+0  
 
0
626
2
avatar+2353 
Yet again I have stumbled upon a proof I seem to be unable to figure out.

Let matrix S be defined as a symmetric matrix.

Prove: tr(S) equals the sum of eigenvalues of S


Hope someone can help me out
 Jan 28, 2014
 #1
avatar+135 
0
reinout-g:

Yet again I have stumbled upon a proof I seem to be unable to figure out.

Let matrix S be defined as a symmetric matrix.

Prove: tr(S) equals the sum of eigenvalues of S


Hope someone can help me out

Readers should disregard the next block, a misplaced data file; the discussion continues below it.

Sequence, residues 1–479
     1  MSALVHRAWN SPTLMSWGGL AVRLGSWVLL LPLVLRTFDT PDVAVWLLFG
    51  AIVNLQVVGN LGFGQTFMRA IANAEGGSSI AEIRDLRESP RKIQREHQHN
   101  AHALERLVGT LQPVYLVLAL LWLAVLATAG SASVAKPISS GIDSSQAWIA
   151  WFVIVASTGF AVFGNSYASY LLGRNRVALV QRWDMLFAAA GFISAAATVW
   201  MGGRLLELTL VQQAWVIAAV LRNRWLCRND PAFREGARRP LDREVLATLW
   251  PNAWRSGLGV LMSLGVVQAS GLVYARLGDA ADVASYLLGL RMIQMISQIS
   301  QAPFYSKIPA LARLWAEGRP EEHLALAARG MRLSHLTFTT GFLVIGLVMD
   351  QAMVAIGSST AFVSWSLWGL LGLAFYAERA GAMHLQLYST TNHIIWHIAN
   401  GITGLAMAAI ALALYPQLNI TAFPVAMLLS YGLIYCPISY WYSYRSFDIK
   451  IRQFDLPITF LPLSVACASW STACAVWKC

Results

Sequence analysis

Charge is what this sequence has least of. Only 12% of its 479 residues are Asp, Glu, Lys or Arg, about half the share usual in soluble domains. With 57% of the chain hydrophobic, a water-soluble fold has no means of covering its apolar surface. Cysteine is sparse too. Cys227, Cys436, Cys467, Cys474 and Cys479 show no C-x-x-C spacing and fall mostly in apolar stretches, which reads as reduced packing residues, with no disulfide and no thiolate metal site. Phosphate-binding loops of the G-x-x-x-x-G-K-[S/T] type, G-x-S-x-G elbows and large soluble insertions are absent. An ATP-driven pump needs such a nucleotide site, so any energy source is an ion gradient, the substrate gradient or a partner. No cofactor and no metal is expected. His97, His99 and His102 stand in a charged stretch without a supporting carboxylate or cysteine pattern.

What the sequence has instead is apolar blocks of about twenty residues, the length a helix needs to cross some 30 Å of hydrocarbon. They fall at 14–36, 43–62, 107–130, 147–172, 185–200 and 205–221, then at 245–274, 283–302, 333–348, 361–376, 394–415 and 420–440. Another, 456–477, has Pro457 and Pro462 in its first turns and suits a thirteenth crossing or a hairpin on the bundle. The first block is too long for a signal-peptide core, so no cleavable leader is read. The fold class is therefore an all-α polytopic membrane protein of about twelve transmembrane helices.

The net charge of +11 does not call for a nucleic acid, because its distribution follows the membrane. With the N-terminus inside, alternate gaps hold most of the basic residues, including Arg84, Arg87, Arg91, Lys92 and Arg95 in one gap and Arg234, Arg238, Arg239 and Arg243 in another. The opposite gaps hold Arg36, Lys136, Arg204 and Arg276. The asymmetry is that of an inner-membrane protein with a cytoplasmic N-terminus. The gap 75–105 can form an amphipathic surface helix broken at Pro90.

Hi reinout-g!

This is true for any matrix.

Proof.
The eigenvalues are the solutions of det(S - tI) = 0.
This can be written both as:
(-1)^n ( t^n - tr(S) t^(n-1) + ... + (-1)^n det(S) ) = 0
and
(-1)^n (t - t_1)(t - t_2)...(t - t_n) = 0

Compare coefficients to see that:
tr(S) = t_1 + t_2 + ... + t_n

As a bonus, you can also see that:
det(S) = t_1 t_2 ... t_n

For more details of this proof see for instance page 3 in:
http://www.adelaide.edu.au/mathslearning/play/seminars/evalue-magic-tricks-handout.pdf

To be fair, this is not really a proof to come up with yourself.
I didn't.
 Jan 28, 2014
 #2
avatar+2353 
0
haha okay, fair enough,

Wouldn't really have figured that out myself,
but thanks for figuring it out for me.
 Jan 29, 2014

10 Online Users

avatar